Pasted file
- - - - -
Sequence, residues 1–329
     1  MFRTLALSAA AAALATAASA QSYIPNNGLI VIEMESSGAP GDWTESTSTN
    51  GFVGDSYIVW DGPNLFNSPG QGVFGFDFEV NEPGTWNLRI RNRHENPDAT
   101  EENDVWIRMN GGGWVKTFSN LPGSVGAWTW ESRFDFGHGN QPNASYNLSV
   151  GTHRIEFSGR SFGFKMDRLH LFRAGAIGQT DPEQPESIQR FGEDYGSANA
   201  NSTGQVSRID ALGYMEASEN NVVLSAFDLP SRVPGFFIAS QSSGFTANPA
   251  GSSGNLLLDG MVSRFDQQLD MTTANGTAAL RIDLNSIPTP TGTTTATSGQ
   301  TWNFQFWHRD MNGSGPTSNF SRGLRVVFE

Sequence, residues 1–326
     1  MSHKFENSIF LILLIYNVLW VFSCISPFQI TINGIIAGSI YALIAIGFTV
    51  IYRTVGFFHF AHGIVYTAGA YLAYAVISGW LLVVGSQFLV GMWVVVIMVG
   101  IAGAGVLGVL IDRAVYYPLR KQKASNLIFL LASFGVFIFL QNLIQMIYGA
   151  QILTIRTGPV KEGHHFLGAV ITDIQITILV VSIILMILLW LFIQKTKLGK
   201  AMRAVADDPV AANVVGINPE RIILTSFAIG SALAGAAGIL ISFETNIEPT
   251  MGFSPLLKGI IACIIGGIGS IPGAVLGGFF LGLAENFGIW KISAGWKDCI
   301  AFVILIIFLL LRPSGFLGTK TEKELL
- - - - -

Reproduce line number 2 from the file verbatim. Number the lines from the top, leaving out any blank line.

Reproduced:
     1  MFRTLALSAA AAALATAASA QSYIPNNGLI VIEMESSGAP GDWTESTSTN